the Esterházy orchestra was disbanded. Haydn was free to live in Vienna. English impresario

J. P. Salomon invited him to London to write an opera, symphonies and other works. He went

in 1791-1792, and again in 1794-1795, writing 12 major symphonies, chamber music, piano

sonatas, choral works and versions of English and Scottish folk songs to great acclaim. He

performed before the royal family, and received an honorary Doctor of Music degree at Oxford

University, for which he named his Oxford Symphony. He heard a performance of Handel’s

Messiah, which impressed him greatly. In 1792 on his return to Vienna, he met the young

Beethoven and accepted him briefl y as a student. The two men were very different, and Haydn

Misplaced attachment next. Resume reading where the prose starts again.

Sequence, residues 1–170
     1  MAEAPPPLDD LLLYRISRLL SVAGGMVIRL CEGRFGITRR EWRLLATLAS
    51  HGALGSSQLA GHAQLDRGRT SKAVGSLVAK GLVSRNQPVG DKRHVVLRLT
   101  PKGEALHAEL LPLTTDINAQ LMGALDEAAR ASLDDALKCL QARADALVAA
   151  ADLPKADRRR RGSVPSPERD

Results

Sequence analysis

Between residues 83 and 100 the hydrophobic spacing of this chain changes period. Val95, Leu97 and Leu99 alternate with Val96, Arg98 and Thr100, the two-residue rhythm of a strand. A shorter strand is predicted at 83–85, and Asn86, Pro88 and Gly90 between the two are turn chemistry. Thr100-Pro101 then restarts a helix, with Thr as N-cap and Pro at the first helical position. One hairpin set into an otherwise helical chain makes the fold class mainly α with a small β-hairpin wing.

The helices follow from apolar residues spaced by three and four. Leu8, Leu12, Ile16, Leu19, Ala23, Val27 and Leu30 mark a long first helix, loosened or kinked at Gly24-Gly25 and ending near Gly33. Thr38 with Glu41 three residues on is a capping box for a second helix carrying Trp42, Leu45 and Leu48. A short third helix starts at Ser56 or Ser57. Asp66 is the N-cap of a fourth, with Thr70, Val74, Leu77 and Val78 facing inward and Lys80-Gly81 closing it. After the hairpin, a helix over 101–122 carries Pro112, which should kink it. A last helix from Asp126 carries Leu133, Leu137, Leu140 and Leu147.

did not have the close relationship he had had with Mozart.

In 1795, Haydn returned to Vienna, to serve a new Prince Nicholas Esterházy. His duties for

the Prince were minimal. His chief task was to compose an annual mass for the name day of the

Prince’s wife. He wrote his six major masses between 1796 and 1802, composing both the Mass

in Time of War and the Heiligmesse in 1796. His creative genius poured forth during this time, as

he composed his great oratorios The Creation between 1796 and 1798, and The Seasons between

1796 and 1801. In addition, he wrote his famous trumpet concerto in 1796, the Austrian

National Anthem in 1797, and some of his most beautiful part songs. His musical creativity

increased with each work, culminating in the composition of the Harmoniemesse in 1802. He was

unable to compose after that time, and died in 1809.

Haydn was a major fi gure in the history of Western music. Although he did not create the